To Kneel or Not to Kneel

A political protest made by one player in the National Football League more than a year ago has grown into a national issue that has engaged people from Sunday football fans to the president of the United States. We spoke with Shaun Anderson, assistant professor in the Department of Communication Studies in the College of Communication and Fine Arts about political protest and social change in sports. Anderson studies sports as a platform in movements for social change, and he writes about athlete activism and the role of sport organizations in community development. His work has appeared in the Huffington Post, the World Policy Institute blog, Your Black World, the Toronto Star, and elsewhere. He was interviewed by Editor Joseph Wakelee-Lynch.

When we look at the protests taking place by kneeling during the national anthem at sports events, it’s as if people are observing two completely different things: either a protest of racial and social injustice or an act of disrespect toward a notion of American values. Why don’t Americans agree on what they’re witnessing?
The answer to that is that there are different ideals. We know that sport is a microcosm of society. It’s always been that way. Politics have always been in sport. When Colin Kaepernick, former San Francisco 49ers quarterback took the knee during the national anthem, he thoroughly explained that this was his using his voice as a platform to get rid of police brutality against people of color. He also explained that he initially was sitting during the anthem, but then he met with veterans who told him, “You have the right to do what you want to do, but we prefer that you take a knee instead of sitting.” That’s why he switched to taking a knee. His mission is not to bring disrespect to the country. He bringing light to the ills that the country has seemingly not taken care of, which is police brutality, racial profiling and inequality against black and brown people. On the other side, are people saying, “You’re making millions of dollars, why are you complaining? Politics should stay out of sports.” If you look at football, players are predominantly black. They can’t help but talk about these things because they face them outside of the sports realm. To say that this is something that disrespects the country is totally false.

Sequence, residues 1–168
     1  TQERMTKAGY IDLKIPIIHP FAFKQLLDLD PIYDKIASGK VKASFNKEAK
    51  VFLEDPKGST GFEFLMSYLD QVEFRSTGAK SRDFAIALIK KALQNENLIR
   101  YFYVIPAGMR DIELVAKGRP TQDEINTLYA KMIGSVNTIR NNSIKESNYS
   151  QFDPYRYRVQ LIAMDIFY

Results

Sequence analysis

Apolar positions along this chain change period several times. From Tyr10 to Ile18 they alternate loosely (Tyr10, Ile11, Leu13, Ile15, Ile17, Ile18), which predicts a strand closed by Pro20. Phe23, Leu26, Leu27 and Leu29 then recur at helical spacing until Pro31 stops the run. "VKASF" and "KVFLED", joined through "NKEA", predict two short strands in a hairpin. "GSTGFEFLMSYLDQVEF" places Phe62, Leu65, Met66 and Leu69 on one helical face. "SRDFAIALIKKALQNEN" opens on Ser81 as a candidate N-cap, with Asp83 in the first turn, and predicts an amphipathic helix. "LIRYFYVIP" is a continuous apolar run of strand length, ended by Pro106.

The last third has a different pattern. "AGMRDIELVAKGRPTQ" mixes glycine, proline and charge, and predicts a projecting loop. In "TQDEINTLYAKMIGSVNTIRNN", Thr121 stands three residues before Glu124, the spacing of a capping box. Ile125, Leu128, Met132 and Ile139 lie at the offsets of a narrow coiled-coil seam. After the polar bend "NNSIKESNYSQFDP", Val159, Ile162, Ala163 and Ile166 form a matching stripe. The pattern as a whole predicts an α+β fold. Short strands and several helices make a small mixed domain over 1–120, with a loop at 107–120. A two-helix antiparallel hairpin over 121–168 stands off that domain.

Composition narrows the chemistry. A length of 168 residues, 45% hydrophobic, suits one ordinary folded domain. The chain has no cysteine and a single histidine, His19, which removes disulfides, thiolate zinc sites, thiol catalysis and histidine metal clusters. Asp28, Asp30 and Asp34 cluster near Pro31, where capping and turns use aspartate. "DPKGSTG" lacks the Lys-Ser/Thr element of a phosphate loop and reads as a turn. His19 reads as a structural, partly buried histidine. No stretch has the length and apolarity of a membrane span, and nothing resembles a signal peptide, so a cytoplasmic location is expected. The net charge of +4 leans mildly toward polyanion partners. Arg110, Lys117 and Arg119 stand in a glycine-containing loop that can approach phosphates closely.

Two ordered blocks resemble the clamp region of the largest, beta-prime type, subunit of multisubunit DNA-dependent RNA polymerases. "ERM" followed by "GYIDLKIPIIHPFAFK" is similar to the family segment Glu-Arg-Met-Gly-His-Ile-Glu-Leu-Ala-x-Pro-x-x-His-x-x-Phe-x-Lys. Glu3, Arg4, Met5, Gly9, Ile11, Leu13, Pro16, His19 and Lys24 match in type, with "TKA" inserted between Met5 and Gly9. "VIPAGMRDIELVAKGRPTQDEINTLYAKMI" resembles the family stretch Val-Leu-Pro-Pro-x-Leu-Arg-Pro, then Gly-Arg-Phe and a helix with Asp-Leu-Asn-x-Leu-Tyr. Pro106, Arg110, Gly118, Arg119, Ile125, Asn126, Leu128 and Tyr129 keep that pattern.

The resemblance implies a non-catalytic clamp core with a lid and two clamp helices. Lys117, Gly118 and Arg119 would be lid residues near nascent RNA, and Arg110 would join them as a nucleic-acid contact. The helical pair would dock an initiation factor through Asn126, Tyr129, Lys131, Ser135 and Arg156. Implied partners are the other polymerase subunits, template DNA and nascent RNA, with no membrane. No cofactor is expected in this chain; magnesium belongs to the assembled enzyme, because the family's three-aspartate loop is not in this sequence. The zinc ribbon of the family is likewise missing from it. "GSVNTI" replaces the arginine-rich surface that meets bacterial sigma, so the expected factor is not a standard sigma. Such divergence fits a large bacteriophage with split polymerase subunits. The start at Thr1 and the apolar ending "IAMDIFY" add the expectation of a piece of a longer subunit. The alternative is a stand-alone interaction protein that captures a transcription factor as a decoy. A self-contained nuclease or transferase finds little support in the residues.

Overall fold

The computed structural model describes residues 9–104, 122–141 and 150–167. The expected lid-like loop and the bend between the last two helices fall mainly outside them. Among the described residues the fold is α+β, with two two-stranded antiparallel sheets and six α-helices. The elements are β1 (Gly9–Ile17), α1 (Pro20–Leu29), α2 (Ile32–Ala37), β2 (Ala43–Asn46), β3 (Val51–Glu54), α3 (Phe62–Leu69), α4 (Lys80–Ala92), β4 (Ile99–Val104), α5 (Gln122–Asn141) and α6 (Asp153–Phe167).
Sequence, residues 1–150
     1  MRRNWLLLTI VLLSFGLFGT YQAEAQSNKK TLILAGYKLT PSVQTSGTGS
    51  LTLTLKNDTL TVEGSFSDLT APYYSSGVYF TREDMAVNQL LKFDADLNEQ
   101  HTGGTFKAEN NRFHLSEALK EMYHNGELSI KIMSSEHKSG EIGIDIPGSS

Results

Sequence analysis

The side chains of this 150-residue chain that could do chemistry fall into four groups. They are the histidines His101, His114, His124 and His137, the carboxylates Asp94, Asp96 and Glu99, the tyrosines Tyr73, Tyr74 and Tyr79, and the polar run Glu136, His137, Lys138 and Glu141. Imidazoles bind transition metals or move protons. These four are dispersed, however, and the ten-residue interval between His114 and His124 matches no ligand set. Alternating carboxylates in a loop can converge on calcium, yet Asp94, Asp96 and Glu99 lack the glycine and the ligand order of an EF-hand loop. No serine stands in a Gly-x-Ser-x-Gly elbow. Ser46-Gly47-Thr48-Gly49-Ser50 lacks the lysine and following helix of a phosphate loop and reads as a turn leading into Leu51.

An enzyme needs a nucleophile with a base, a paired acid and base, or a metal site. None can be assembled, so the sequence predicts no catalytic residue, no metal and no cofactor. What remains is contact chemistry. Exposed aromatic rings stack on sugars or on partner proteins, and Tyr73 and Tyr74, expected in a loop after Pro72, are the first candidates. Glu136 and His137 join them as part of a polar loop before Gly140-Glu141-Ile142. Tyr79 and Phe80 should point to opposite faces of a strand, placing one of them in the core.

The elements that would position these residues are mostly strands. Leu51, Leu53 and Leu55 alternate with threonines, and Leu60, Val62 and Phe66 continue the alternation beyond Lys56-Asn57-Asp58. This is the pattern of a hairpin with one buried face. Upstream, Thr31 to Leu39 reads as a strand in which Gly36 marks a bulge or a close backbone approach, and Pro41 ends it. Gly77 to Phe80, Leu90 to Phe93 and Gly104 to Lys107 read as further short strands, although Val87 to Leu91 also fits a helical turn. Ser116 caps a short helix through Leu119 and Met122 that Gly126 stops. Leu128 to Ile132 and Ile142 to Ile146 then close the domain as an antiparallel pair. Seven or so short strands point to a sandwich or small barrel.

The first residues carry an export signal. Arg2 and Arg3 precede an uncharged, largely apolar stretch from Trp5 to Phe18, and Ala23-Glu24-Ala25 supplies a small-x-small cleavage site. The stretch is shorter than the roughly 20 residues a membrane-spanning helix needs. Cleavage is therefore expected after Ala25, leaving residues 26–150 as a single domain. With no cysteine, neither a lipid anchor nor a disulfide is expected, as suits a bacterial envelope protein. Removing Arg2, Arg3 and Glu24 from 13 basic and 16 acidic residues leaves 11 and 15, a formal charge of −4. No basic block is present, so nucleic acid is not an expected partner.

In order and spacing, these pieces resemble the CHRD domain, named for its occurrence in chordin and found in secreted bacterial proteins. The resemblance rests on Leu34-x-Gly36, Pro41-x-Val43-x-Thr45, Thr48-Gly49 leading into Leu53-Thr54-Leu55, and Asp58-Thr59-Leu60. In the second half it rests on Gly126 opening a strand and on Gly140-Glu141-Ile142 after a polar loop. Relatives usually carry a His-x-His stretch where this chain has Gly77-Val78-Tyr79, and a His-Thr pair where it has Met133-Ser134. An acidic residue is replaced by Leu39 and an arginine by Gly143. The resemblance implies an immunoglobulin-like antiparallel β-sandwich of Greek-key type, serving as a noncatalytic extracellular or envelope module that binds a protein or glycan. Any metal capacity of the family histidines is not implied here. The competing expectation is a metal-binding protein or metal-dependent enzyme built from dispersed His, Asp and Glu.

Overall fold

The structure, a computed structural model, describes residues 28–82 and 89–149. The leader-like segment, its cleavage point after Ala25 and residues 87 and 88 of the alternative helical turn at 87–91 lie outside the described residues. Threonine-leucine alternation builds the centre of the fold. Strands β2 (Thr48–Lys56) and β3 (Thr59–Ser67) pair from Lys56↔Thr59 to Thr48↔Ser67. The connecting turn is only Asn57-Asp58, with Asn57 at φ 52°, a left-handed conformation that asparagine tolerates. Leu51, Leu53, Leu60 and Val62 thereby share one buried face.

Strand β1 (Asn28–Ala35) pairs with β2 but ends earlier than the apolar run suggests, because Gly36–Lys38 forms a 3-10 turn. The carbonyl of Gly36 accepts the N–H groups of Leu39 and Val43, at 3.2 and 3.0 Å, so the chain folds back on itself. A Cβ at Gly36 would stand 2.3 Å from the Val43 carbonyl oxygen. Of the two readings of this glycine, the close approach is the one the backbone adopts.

When did sports in the United States first become a platform for political protest and social criticism?
It’s been around for quite a while, but the most profound era was during the Civil Rights movement. You had Jim Brown, Hall of Fame running back for the Cleveland Browns, and Muhammed Ali, former heavyweight boxing champion, who stood up for religious freedom and the right to not fight in the Vietnam War. In 1968, Harry Edwards, professor emeritus at the University of California, Berkeley, led the Olympic Games protests involving U.S. sprinters John Carlos and Tommy Lee Smith. Those protests became prominent because of the racial injustices of the time. We also had Malcolm X and Martin Luther King Jr. in the mix. So, you had athletes who were looking at Civil Rights leaders and saying, “We have a platform, we need to do something as well.” Today, you have athletes saying, “We have to take a stand, because we see things that are similar to the past.”